The MBTA will get more than 225 new subway cars and the Massachusetts Turn Pike will start the use of electronic tolling as part of the state's plan to improve transportation infrastructure and bring long-term relief to frustrated commuters.
The state will spend $1.3 billion to replace the 44-year old Red Line cars and 32-year old Orange Line cars - the new trains are anticipated to arrive by 2019. Passengers can expect more space and seating, as well as electrically operated doors and advanced announcement systems.
“Our customers on the Orange and Red lines have been waiting literally for years to see these long-discussed investments become a reality,” said MBTA General Manager Beverly Scott. “New cars will provide reliable service while increasing seating capacity and accessibility for all riders.”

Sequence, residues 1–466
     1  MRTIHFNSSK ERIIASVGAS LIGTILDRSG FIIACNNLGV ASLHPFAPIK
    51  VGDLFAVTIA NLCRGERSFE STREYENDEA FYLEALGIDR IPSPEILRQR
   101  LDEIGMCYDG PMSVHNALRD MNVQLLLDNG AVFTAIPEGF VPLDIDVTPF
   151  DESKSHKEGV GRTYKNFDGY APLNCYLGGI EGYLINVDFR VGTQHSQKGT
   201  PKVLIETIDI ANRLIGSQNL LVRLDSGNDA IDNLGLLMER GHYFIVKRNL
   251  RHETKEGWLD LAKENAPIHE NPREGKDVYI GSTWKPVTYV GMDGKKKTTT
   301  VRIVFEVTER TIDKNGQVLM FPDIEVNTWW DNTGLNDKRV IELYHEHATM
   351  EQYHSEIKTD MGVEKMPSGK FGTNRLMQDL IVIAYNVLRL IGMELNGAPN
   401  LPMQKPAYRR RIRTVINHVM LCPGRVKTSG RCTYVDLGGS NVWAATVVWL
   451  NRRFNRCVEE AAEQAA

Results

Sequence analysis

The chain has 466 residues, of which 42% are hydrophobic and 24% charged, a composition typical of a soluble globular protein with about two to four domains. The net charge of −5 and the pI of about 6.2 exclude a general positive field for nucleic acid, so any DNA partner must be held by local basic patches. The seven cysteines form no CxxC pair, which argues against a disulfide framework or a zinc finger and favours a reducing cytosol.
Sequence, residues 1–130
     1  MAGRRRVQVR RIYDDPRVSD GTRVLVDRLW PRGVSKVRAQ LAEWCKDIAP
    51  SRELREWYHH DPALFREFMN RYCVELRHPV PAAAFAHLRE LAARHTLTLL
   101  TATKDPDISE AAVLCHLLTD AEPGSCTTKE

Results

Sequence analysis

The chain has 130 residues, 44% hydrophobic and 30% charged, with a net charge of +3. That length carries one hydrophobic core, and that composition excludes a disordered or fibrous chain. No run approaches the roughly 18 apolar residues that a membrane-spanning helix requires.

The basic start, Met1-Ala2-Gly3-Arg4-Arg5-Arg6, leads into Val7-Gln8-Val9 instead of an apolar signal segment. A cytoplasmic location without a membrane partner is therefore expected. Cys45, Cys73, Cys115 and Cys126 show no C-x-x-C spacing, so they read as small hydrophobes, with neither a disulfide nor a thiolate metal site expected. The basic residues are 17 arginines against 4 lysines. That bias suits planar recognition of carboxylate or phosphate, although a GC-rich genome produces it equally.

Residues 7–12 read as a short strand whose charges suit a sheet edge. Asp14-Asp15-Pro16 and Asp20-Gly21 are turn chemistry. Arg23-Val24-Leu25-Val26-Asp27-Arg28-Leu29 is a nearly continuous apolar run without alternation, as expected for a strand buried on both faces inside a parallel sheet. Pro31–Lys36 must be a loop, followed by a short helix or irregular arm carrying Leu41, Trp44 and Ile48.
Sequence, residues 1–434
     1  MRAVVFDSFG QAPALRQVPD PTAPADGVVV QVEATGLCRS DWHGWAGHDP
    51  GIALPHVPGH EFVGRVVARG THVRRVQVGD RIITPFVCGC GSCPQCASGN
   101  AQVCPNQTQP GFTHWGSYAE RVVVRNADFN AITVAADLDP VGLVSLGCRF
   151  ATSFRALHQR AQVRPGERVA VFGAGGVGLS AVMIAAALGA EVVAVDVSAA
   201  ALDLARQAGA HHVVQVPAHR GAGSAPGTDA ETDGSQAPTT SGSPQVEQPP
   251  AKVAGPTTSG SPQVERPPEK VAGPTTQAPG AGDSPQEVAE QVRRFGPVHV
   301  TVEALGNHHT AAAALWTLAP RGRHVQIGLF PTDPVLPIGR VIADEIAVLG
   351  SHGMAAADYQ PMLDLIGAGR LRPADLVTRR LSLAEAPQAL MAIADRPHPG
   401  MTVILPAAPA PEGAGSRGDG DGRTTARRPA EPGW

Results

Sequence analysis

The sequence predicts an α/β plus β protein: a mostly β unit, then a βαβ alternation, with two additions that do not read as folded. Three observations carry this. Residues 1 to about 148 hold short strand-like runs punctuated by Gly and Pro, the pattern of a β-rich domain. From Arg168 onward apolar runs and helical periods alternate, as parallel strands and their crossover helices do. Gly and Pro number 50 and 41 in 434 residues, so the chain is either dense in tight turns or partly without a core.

Construction will begin in 2014 to install electronic open-road tolling with the goal of significantly easing congestion and traffic on the Massachusetts Turnpike. The tolling will enter a testing phase on Tobin Bridge beginning in January and is expected to go live in the spring.
Furthermore, design and permitting will begin immediately to rebuild and straighten the route of the turnpike in Allston, replacing a nearly half-mile-long structurally deficient viaduct, including 29 bridge structures built in the mid-1960s.
The viaduct carries more than 100,000 vehicles each day.
Officials said the Clayton Street Bridge in Dorchester, which was built in 1911 and carries the Ashmont-Alewife Red Line, will be replaced over Veterans Day weekend.
“Growth requires investment, and these projects will catalyze growth in greater Boston,” said Governor Deval Patrick. “If we want to expand opportunity in our commonwealth, this is what government must do and do well.”